Behavior That Arbitrators Are Expected to Avoid - Chapter 2 - The Dark Side of Arbitration
Originally from The Dark Side of Arbitration
I. Noblesse Oblige
There is a well-worn saying, which is yet true for the most part: “arbitration is only as good as the arbitrators.” Arbitrators are the key players in the arbitral proceedings and their capabilities and personal qualities are decisive in ensuring that the process functions properly.
This objective is achieved, first of all, when arbitrators fully comply with their various duties, including those outlined in the previous chapter. These duties stem from provisions of the statutory law or soft law applicable to the arbitration proceedings. At times, however, compliance with such requirements may not be sufficient.
Arbitrators are also bound to observe other kinds of behavior which, though not mandatory or specifically contemplated by soft law provisions, are inherent to the very special nature of their task. Arbitrating is a noble function and, as the French proverb “noblesse oblige” contends – there are special obligations associated with nobility.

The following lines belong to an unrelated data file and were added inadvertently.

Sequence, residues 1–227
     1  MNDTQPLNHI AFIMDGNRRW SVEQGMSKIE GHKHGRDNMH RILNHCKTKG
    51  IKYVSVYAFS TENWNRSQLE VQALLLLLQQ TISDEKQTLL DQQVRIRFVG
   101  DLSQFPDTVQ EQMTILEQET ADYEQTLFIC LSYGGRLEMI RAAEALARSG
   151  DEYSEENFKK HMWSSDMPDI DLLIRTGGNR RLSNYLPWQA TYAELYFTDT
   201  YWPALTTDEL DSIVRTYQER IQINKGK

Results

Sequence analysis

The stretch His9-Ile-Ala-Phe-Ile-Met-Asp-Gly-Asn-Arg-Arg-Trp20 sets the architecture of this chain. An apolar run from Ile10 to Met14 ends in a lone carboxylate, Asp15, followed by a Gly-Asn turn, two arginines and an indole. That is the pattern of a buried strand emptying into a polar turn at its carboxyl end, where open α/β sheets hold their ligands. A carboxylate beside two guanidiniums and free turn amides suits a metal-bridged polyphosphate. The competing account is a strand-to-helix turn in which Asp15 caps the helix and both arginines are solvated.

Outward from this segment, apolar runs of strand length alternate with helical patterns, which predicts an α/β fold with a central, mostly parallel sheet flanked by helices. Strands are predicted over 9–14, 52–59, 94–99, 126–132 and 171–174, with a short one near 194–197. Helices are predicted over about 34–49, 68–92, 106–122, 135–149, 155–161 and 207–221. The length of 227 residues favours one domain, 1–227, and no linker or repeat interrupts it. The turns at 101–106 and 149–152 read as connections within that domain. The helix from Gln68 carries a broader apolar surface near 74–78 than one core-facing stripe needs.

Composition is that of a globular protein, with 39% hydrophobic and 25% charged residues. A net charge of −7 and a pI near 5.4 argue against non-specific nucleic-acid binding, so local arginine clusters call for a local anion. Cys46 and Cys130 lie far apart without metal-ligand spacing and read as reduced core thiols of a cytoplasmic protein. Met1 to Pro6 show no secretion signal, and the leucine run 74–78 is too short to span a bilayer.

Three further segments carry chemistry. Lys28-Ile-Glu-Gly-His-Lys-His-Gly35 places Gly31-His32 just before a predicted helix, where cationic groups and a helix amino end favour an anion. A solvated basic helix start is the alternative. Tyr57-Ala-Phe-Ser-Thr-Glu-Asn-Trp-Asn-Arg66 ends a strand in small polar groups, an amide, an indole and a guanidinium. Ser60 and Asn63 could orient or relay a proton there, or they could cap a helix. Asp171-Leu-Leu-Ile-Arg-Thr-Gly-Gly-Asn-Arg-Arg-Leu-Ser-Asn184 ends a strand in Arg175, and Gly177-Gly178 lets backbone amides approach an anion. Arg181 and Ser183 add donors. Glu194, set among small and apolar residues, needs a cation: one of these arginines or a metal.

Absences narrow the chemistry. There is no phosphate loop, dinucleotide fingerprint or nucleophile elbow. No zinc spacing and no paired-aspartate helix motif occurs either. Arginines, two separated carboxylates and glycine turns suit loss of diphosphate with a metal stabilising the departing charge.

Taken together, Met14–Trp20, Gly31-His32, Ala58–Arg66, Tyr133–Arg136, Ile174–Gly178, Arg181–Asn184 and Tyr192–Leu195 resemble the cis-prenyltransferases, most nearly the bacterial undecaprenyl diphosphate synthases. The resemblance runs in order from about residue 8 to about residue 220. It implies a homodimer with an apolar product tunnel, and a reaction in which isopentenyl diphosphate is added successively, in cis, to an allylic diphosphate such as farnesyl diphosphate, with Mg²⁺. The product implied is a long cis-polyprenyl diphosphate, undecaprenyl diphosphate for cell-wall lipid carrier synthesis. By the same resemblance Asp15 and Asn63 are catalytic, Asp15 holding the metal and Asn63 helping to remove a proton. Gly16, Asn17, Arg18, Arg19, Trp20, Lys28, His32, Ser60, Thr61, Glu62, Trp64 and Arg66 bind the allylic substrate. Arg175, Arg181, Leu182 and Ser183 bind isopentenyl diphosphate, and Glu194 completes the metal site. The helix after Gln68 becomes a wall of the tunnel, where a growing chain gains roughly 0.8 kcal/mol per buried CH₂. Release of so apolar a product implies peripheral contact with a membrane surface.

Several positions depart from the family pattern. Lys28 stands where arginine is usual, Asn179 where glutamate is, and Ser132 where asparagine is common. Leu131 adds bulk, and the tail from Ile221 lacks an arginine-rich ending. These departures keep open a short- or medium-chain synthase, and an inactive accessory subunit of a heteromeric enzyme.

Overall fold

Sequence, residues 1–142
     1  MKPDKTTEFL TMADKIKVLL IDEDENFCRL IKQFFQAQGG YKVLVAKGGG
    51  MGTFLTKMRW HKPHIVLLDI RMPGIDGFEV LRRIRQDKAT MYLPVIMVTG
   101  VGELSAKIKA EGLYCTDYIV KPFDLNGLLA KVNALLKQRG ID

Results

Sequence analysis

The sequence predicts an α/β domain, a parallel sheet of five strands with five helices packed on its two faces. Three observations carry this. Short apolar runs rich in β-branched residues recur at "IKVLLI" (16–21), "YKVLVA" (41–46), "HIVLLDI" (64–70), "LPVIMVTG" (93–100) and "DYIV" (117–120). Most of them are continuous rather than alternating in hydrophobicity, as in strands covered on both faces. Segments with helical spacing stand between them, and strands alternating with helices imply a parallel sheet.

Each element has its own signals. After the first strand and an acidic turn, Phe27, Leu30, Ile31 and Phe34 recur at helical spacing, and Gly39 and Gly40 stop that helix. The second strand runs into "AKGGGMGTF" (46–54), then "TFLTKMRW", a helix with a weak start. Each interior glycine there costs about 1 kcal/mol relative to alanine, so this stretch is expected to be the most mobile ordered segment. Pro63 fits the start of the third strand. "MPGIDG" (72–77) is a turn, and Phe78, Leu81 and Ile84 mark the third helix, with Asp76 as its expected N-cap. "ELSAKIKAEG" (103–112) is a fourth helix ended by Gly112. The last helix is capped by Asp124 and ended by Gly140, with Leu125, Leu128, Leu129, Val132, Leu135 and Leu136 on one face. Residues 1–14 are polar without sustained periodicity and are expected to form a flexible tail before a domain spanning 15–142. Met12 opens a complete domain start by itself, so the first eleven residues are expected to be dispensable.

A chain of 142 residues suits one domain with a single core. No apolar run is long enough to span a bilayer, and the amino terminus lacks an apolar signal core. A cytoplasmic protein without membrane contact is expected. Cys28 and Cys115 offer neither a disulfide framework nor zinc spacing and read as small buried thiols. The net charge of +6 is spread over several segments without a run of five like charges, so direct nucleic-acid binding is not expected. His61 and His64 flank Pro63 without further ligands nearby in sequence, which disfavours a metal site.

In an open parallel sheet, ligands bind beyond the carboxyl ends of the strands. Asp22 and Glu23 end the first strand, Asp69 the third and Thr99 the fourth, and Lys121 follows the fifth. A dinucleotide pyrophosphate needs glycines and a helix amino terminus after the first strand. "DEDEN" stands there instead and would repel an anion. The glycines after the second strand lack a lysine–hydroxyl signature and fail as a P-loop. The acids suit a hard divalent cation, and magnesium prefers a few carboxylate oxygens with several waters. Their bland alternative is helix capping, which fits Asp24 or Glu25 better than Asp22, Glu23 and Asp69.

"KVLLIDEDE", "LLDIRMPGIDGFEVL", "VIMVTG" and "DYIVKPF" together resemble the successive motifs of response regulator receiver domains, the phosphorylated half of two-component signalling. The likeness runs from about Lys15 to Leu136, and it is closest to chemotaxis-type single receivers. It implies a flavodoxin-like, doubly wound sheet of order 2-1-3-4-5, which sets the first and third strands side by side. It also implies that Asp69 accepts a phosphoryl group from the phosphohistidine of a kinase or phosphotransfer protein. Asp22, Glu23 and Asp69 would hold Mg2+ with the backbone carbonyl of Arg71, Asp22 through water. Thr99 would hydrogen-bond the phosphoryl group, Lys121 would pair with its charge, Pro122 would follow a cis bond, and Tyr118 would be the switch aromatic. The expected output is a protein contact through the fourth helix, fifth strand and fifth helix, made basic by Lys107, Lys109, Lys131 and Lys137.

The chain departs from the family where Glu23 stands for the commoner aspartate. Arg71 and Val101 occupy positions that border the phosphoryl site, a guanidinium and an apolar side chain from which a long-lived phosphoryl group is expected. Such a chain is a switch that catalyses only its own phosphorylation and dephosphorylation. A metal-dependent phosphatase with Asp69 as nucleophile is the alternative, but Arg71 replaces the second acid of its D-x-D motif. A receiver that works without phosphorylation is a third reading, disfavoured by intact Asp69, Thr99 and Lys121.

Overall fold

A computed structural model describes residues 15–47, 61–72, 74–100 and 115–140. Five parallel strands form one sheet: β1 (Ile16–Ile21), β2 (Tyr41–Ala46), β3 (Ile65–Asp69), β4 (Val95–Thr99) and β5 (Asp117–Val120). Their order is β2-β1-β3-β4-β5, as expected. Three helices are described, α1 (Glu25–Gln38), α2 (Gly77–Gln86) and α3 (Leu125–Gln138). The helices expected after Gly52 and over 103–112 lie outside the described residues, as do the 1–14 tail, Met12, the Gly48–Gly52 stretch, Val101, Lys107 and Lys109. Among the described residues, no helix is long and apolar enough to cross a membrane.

Some of these behaviors are required in any form of interaction among professionals, but they acquire a particular connotation in the kind of private administration of justice that is constituted by arbitration.
It is worth recalling that the members of the arbitration community, unlike lawyers, have no professional governing body with its own codes and disciplinary organs, nor are there any official (or at any rate trustworthy) lists or rankings of arbitrators. To achieve a successful career, an arbitrator can really only rely on his or her reputation and credibility. This is his or her most precious asset, as it takes many years to build, but can be lost very quickly as the result of one glaring error or misbehavior, news of which soon travels by word of mouth round the circles that count (essentially those of outside and in-house counsel, other arbitrators and arbitral institutions). In reality, most arbitrators come to be selected on the basis of information passed on by word of mouth. Once that reputation and credibility is lost, it is usually never recovered. This fact is well-known to all arbitrators, especially to Presidents, about some of whom, for example, it is said that they take on so many commitments that they are unable to timely and properly fulfill them.